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February 23, 2009 1:17 PM

The Bankruptcy Files: The Journalism Edition

Posted by Zach Lowe


On Sunday, two more journalism companies joined Tribune Co., the Minneapolis Star-Tribune, and others in bankruptcy court as the depressing news about the state of the news business continues to roll in. 

For most readers, the biggest item is the Chapter 11 filing by Philadelphia Newspapers, publishers of the Philadelphia Inquirer (known to some as the "Inky") and the Philadelphia Daily News, the city's two major daily papers. The company, which two prominent businessmen purchased from McClatchy Co. in 2006 for $562 million, is carrying as much as $500 million in debt and expects after-interest earnings to drop from $36 million last year to $25 million this year, according to court papers. 

The company has signed up two firms to handle its bankruptcy work: Proskauer Rose and Dilworth Paxson, a Philly firm where former state Pennsylvania Sen. Vincent Fumo, currently on trial for corruption, used to work.

Proskauer partners, led by Mark Thomas, will charge up to $975 an hour; Lawrence McMichael, the lead Dilworth partner on the case, will charge $675, court papers show. (That $975 figure is more than Sidley Austin will get to charge Tribune after a judge in that bankruptcy case last week capped their billing rate at $925 per hour--down from the $1,100 max figure Sidley had requested.)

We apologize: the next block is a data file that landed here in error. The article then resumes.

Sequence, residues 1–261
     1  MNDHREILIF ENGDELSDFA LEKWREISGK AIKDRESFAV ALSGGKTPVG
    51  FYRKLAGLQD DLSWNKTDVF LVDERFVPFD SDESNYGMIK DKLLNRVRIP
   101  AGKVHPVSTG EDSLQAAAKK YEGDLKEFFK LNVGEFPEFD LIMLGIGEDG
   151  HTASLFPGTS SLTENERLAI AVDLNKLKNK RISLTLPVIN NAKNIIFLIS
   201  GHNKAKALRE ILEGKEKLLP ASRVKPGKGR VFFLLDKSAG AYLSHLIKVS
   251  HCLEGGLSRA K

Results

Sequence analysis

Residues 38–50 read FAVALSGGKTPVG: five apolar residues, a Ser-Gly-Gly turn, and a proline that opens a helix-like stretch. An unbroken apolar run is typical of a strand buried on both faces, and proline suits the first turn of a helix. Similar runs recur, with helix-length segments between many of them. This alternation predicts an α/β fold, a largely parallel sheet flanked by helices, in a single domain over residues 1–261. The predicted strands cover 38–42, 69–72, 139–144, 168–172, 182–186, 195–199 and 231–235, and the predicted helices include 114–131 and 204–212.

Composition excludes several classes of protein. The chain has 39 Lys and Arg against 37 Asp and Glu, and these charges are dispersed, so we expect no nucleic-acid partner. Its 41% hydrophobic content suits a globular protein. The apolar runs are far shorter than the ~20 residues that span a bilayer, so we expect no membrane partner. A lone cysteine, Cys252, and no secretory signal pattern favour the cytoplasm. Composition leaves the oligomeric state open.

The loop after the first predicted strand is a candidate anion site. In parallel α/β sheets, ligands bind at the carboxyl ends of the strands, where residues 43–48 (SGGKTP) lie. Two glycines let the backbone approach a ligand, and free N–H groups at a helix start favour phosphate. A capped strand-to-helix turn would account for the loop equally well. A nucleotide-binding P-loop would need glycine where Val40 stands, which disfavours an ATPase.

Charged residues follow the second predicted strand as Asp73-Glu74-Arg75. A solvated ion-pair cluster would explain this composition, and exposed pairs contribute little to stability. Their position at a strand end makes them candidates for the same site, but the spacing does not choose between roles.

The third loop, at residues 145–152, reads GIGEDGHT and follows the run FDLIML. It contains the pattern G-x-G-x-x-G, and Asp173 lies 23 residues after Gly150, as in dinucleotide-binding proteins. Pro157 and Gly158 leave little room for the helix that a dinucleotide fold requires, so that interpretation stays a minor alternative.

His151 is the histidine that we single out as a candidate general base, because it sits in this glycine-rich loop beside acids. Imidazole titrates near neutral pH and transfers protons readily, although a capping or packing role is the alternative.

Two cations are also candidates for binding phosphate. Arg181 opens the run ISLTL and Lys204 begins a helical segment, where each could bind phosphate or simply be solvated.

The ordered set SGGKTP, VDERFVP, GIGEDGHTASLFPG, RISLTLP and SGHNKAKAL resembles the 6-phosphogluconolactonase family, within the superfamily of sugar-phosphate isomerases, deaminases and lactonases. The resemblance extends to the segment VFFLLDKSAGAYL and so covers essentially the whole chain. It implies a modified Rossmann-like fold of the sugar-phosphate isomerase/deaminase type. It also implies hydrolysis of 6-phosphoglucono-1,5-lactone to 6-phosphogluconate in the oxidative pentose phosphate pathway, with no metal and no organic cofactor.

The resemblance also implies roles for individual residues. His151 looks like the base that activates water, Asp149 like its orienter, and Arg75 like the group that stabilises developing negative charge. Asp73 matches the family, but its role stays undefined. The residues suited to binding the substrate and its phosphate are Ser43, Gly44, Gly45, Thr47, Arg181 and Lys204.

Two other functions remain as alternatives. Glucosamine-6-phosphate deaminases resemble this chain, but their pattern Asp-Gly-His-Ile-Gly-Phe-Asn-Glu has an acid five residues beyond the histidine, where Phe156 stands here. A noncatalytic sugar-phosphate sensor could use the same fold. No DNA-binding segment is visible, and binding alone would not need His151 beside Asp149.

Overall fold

Thomas did not immediately return a call seeking comment. The company wants to reorganize its "over-leveraged balance sheet," not restructure its operations, the filing says. 

Dilworth has had a close relationship with two of the main partners who purchased the company in 2006 (Brian Tierney and Bruce Toll, head of the home building company Toll Brothers Co.) for years; the firm represented Tierney in his deal to acquire the papers from McClatchy.

The Journal Register Co., which publishes about 20 daily newspapers (including the New Haven Register and the Trentonian), also filed for Chapter 11 protection over the weekend, Reuters reports. The firm tapped Willkie, Farr & Gallagher as lead counsel; partner Marc Abrams will head the firm's team along with partner Rachel Strickland (who is fresh off her work on the Polaroid Chapter 11 case). Partners will be billing a maximum of $995 per hour, court records show. The firm has billed JRC about $2 million in the last 90 days. 

(The company listed about $596 million in debt and $737 in liabilities.)

Abrams actually represented Journal Register's predecessor company when it went through a restructuring 20 years ago, he says. Things were different then.

"That was more a question of leverage," he says. "There was no macro-economic problem."

It's a question of leverage this time as well, Abrams says. The company, based in Yardley, Pa., has already agreed to a deal with lenders to reduce its debt to $225 million, Abrams says. They'll accomplish this mostly by allowing lenders to exchange debt for equity, he says.

Seyfarth Shaw has been brought in as special counsel for labor issues. The firm will focus its work on the company's pension plan, a multiemployer plan that is in "critical" shape, Abrams says. 

Seyfarth billing rates will top out at $760 per hour. 

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